Legal servicesInformation about:
Robbery, stealing, larceny
Robbery is the unlawful taking of property from an individual or organisation without consent accompanied by force or threat of force. A robbery can involve the use or implied threat of a weapon (armed robbery) or may not involve a weapon (unarmed robbery).
At common law, larceny is committed when a person takes and carries away any property capable of being stolen without the owner's consent and with the intent of permanently depriving the owner of it.
The act of theft or stealing is not committed until the person taking the property capable of being stolen moves it or otherwise deals with it by some physical act.
In the case of larceny by shop lifting property to the value of $5,000 the matter is considered to be a Table 1 offence which means that either the DPP or an accused can elect to have the matter dealt with by the District Court. If no election is made the matter will be dealt with by the Local Court. Property shop lifted with a value exceeding $5,000 is considered to be a Table 2 offence which means that the DPP can elect to have the matter dealt with in the District Court. If no election is made the matter will be dealt with in the local court.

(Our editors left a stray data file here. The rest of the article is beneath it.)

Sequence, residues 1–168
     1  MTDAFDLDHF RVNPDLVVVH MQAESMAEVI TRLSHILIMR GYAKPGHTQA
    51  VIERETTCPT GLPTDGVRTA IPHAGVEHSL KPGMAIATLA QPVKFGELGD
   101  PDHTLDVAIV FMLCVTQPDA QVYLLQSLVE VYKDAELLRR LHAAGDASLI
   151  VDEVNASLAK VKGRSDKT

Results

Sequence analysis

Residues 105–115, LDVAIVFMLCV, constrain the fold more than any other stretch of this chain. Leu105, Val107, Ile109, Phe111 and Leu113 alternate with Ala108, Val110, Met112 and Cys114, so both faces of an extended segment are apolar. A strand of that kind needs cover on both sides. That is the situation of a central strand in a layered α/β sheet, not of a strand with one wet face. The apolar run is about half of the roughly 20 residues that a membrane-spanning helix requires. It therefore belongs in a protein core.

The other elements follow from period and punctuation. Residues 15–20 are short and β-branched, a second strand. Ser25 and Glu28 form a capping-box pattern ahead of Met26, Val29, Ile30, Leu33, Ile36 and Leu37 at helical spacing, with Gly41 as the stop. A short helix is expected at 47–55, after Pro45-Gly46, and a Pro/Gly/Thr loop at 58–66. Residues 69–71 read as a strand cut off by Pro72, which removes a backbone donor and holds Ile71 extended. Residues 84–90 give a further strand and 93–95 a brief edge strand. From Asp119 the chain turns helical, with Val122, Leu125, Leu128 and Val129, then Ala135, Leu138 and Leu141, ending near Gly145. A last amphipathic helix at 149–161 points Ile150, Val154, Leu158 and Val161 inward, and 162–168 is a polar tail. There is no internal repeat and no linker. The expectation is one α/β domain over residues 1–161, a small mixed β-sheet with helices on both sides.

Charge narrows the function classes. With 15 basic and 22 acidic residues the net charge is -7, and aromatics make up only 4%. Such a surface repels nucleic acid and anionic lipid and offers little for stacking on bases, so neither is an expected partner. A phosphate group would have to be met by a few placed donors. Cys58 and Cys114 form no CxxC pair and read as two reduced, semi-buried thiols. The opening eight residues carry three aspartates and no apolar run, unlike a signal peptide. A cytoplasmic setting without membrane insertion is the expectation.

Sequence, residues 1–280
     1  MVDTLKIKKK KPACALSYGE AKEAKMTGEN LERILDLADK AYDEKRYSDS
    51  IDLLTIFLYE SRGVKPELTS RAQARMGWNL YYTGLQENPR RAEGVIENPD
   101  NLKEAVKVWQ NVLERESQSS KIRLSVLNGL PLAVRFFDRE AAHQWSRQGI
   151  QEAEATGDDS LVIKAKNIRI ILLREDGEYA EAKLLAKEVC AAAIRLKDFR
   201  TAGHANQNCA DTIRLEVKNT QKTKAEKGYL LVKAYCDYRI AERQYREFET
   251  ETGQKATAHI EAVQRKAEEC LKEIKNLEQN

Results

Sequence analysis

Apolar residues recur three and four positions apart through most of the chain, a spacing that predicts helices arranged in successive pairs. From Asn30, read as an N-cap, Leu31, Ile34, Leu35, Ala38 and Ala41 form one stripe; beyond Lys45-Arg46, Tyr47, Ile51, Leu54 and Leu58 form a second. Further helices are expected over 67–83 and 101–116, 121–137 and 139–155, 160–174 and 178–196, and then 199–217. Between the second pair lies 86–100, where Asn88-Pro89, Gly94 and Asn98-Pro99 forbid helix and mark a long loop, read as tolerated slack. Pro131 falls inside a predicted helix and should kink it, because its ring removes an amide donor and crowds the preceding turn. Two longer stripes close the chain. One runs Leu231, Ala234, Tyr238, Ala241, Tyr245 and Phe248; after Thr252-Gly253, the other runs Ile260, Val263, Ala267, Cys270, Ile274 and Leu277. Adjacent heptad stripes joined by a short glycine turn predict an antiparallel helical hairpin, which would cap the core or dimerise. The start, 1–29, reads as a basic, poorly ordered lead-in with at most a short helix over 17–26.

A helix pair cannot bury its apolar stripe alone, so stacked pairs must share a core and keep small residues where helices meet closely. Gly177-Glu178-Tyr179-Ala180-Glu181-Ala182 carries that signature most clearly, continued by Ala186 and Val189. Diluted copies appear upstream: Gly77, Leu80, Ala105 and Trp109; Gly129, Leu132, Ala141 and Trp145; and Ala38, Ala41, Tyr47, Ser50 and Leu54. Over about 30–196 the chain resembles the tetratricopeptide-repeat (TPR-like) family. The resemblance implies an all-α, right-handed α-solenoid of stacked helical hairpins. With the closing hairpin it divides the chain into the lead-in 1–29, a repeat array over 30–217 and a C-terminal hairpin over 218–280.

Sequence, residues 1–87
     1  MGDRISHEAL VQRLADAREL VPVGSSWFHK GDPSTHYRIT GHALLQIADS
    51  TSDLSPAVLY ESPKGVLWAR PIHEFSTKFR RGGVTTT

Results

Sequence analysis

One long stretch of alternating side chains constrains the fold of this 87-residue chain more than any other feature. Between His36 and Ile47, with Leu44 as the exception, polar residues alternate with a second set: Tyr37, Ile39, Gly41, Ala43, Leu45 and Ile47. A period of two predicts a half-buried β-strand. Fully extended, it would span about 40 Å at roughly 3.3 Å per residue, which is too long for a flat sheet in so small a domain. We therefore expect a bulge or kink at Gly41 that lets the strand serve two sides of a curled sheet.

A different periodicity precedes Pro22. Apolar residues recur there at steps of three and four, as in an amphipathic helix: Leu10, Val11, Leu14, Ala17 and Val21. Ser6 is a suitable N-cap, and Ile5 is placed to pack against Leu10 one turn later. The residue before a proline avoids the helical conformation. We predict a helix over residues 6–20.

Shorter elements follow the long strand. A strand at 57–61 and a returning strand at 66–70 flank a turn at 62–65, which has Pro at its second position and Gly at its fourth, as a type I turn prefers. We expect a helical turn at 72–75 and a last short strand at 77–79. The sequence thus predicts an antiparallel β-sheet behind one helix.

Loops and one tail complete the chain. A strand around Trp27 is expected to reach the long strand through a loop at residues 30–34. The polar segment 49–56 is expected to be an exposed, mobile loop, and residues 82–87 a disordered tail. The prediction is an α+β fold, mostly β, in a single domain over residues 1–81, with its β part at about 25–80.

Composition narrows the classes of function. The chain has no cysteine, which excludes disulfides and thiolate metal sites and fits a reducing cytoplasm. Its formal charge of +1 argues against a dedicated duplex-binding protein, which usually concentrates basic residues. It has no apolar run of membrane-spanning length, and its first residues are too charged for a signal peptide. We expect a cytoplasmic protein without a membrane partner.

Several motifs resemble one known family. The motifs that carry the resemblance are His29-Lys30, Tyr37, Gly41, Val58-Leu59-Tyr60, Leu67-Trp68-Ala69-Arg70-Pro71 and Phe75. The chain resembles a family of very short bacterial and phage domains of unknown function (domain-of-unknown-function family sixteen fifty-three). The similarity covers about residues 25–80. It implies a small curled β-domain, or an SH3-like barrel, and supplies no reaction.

The Police must prove each of the following points beyond a reasonable doubt to secure a conviction for larceny:
- The accused wrongfully took and carried away the goods
- The goods belonged to someone else
- The goods were taken with the intention of permanently depriving the owner of them
- The goods were taken without the consent of the owner of the goods
- It is necessary in every alleged offence for the Police to prove that the accused identified is the person who committed the offence.
The maximum penalty for larceny is five year imprisonment.
William Vahl of North Shore Criminal Law regularly appears in these local courts.
If you have been charged with an offence, or are seeking further information on a Criminal or Traffic legal matter, call North Shore Criminal Law on (02) 9955 2298 or our 24 hour Emergency Service on 0400 44 64 24.